Guus Hiddink is arguably one of the most renowned and successful coaches of the past three decades and unquestionably deserves to be mentioned in the same breath as illustrious names such as Sir Alex Ferguson, Jose Mourinho, Pep Guardiola, Fabio Capello and Louis van Gaal.
The Dutchman has not only enjoyed relative success at international level with countries such as South Korea, Australia and Russia, but also took charge of major club teams such as PSV, Valencia, Real Madrid and Chelsea throughout his career.
Yet there’s one thing that's still missing for Hiddink and that’s winning a major trophy at international level.
And that’s exactly why he didn’t hesitate one second to accept the Dutch football association’s (KNVB) offer when they approached him to replace Louis van Gaal after the 2014 World Cup.
Like his predecessor, Hiddink endured a rather torrid first time in charge of Netherlands, too. Whereas Van Gaal's failure was one of sporting nature, however, it were off the pitch matters that marred Hiddink's previous spell with Oranje.
|TOP 10 NETHERLANDS COACHES BY GAMES
|Marco van Basten||52||35|
|Bert van Marwijk||52||34|
|Louis van Gaal||43||26|
|Jaap van der Leck||29||5|
The 67-year-old only just steered Netherlands through the qualification campaign for Euro 1996, yet things would really kick off during the finals in England. A draw in the opening game versus Scotland was followed by a win over Switzerland, yet there was little reason for happiness after the encounter.
Edgar Davids - who himself had been dropped from the starting XI after Holland’s opener - hit out at Guus Hiddink after the match following his decision to take off Clarence Seedorf after just 26 minutes, telling his coach “to take his head out of certain players’ asses, so he could see things more clearly”.
The ex-Juventus man’s outburst caused a national debate about the internal problems within the squad, with the so-called Kabel – consisting of Davids, Seedorf, Patrick Kluivert, Winston Bogarde and Michael Reiziger – feeling as though they had been treated unfairly by Hiddink, who supposedly preferred players such as Danny Blind and Ronald de Boer.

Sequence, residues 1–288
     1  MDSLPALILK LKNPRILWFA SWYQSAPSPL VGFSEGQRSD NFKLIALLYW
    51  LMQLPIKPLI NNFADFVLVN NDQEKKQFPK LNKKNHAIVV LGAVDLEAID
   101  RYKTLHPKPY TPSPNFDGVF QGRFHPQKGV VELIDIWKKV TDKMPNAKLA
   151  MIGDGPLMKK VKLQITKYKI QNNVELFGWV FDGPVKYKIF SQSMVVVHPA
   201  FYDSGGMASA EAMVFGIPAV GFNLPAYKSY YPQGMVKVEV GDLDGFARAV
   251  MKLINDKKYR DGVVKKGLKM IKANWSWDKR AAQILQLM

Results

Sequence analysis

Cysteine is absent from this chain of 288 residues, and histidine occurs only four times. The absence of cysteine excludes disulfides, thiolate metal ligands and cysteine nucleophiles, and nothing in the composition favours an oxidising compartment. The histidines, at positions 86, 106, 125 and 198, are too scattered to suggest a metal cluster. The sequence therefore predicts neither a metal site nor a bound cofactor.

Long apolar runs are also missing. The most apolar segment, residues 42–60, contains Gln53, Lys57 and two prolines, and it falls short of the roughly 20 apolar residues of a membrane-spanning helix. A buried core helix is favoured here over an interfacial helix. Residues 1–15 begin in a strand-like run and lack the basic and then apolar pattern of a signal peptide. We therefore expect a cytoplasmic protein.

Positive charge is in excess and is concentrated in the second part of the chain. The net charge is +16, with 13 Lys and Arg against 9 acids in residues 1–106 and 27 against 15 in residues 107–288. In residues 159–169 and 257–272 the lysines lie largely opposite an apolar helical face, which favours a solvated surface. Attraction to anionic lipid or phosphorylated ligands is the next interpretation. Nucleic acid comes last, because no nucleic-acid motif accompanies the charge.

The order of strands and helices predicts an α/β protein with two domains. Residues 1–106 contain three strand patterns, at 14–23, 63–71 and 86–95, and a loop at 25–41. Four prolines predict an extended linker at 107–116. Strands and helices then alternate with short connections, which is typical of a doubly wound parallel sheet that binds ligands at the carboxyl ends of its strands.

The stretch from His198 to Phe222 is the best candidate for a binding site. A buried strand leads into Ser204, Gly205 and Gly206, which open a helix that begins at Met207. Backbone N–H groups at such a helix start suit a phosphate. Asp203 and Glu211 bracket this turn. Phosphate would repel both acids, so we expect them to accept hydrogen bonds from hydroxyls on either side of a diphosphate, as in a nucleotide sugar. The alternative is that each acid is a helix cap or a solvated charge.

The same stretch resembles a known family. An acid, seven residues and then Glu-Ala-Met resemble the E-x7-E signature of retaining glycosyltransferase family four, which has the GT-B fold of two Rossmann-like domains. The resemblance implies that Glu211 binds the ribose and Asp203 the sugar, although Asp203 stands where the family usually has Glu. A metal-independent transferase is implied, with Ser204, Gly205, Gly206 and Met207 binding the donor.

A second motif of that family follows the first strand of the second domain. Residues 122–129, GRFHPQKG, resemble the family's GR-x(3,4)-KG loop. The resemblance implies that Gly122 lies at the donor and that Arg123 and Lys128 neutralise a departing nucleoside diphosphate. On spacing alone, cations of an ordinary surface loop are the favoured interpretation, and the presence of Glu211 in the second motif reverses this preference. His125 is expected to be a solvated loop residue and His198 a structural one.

Hiddink had no other choice but to sent Davids home after his comments, but the damage was already done. Holland were demolished by England in their final group game before France proved to be too strong in the knockout stages.
The former Real Madrid boss smoothed things out before the 1998 World Cup and the Dutch impressed with some fine performances in France as they beat Yugoslavia and Argentina on their way to the semi-finals, where they would meet Brazil.
It was again not meant to be for Hiddink and the Dutch, though.
Despite Kluivert’s late goal to cancel out Ronaldo’s opener, Oranje failed to eliminate the South Americans. A late penalty shout after Junior Baiano seemed to foul Pierre van Hooijdonk inside the area was turned down by the referee and Brazil eventually proved to be too strong from 12 yards, thus leaving Hiddink behind empty handed once more.
Some 16 years later, the experienced coach gets one last chance at winning a major tournament at country level and making amends for that disastrous European Championship in 1996 – and he has inherited an interesting squad from Van Gaal.
Whereas countries such as Germany, Spain and England have all lost a number of players after the World Cup, Oranje still pretty much have the same squad that so surprisingly made it to the semi-finals in Brazil. Star players Arjen Robben, Robin van Persie and Nigel de Jong still have at least two more years in them at the highest level and players such as Daryl Janmaat, Bruno Martins Indo, Stefan de Vrij, Daley Blind and Georginio Wijnaldum have all made huge steps forward under Van Gaal. Throw in talented youngsters like Memphis Depay, Davey Klaassen and Virgil van Dijk and Holland are a force to be reckoned with again.
Hiddink’s second coming starts with a relatively meaningless friendly against Italy on Thursday, before Czech Republic await on Tuesday in Holland’s first Euro 2016 qualifier.
Ten qualification games and then seven games at the finals in France - that’s all that separates King Guus from his throne. No more Davids nightmares, no more Junior Baiano visions, but glory at last - that’s the goal. The road to redemption starts in Bari and ends at the Stade de France on July 10, 2016.